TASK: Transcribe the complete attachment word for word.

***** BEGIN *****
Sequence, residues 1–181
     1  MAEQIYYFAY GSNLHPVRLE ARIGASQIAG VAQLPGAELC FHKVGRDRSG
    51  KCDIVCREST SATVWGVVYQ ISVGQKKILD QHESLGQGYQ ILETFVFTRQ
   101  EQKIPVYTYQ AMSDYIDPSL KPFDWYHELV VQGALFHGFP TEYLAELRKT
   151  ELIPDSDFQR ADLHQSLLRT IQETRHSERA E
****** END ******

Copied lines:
Sequence, residues 1–181
     1  MAEQIYYFAY GSNLHPVRLE ARIGASQIAG VAQLPGAELC FHKVGRDRSG
    51  KCDIVCREST SATVWGVVYQ ISVGQKKILD QHESLGQGYQ ILETFVFTRQ
   101  EQKIPVYTYQ AMSDYIDPSL KPFDWYHELV VQGALFHGFP TEYLAELRKT
   151  ELIPDSDFQR ADLHQSLLRT IQETRHSERA E